If aerospace analysts and pundits were deciding, Boeing would already have one of the biggest military contracts of the 21st century in the bag already.
They’re saying that given Boeing’s home country advantage over its rival, Northrop Grumman and Europe’s EADS, the Air Force will give the $40 billion contract for new aerial tankers to Boeing as early as late next week.
Boeing is proposing a version of its 767 commercial airliner. EADS and Northrop Grumman are offering a tankerized Airbus A330 twin-engine commercial jet.
Boeing KC-767 refueling an F-22
The Boeing tanker would be assembled in Everett. The EADS tanker would be put together in a new plant in Mobile, Ala.
Boeing’s offering is smaller and an older design than the A330, but Boeing says its what the Air Force specified when it drew up its want list.
Airbus says the A330 uses newer technology, offers greater cargo-carrying capability when it’s not carrying fuel and is more fuel efficient for its size.
In this election season, however, don’t bet against Boeing.
The company has been on country-wide roadshow touting the 767 tanker’s benefits not only to the Air Force but to local communities where making pieces of the plane creates jobs.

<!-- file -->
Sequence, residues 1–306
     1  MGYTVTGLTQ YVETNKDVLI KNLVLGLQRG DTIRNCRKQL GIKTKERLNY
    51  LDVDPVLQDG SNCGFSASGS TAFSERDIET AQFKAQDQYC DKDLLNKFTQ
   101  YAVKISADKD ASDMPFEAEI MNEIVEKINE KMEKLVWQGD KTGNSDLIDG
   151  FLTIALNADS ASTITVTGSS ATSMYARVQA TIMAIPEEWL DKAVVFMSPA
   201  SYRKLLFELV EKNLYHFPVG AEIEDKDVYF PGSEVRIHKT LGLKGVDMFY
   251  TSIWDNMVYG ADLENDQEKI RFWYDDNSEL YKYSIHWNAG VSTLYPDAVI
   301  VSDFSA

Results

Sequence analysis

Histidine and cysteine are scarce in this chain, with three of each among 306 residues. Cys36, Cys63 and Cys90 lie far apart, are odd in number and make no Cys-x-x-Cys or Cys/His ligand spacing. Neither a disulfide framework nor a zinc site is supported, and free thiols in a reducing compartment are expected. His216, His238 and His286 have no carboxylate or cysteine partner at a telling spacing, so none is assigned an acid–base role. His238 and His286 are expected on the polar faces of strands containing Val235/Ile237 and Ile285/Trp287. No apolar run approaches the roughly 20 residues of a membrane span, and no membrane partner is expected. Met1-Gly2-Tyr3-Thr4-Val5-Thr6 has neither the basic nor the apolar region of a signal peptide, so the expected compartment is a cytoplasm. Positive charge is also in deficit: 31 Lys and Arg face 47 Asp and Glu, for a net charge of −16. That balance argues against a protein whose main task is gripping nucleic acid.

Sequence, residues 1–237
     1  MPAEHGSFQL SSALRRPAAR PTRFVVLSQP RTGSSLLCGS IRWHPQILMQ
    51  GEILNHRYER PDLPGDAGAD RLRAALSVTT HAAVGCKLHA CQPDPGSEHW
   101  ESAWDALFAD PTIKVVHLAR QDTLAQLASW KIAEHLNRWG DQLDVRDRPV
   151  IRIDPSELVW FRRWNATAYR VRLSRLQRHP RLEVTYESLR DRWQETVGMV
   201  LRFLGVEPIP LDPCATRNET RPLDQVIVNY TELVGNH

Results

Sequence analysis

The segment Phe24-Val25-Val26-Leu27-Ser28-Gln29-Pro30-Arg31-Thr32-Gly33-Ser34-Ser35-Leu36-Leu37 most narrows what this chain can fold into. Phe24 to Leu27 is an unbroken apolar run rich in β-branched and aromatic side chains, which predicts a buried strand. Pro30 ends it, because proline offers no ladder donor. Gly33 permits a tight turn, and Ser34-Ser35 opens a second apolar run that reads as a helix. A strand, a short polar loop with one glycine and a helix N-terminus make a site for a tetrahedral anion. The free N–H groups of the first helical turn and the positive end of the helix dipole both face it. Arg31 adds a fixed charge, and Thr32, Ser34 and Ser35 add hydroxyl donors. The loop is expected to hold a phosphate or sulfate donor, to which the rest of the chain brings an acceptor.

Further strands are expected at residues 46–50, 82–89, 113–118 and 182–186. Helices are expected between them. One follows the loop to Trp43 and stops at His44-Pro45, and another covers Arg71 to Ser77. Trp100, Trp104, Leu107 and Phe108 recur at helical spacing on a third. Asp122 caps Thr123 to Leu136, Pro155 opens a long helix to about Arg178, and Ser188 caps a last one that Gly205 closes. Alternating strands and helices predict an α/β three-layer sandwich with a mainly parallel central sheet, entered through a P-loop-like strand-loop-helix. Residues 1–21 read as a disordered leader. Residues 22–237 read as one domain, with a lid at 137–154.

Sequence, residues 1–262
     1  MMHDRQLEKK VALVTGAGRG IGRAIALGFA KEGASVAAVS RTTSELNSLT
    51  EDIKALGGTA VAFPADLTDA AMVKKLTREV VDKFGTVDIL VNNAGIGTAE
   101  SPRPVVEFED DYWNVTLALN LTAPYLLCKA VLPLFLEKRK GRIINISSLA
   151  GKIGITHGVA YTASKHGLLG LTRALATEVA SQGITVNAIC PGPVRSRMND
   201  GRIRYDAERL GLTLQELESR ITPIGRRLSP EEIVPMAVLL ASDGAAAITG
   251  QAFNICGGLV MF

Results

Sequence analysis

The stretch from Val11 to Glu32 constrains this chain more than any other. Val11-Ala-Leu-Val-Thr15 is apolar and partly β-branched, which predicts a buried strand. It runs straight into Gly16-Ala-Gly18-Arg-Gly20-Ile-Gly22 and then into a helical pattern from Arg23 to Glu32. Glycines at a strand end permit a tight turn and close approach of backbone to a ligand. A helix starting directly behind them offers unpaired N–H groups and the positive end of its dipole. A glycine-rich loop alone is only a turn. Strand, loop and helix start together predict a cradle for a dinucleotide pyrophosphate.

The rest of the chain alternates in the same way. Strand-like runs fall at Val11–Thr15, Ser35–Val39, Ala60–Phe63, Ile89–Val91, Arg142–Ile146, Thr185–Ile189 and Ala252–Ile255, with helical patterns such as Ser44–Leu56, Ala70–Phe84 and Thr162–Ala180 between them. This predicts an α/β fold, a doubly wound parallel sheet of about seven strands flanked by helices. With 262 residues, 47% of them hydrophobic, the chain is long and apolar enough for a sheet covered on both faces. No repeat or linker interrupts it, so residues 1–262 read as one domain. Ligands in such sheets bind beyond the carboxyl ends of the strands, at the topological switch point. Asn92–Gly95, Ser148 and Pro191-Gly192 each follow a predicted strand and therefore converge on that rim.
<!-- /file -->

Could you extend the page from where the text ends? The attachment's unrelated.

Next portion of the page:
Airbus notes that large parts of the 767 are made overseas in Italy and Japan.
EADS has upped the ante by saying it will build commercial freighter versions of the A330 in Mobile if it gets the contract.
The initial deal will be for 179 tankers, but the ultimate market could include more replacement aircraft for the Air Force’s 30-some-year-old tankers and for foreign air forces. In the end, the tanker deal could mean $125 billion in new business for the winner.
By the way, forget a face-saving split deal. The Air Force says it doesn’t want the hassle of dealing with two different planes doing the same job.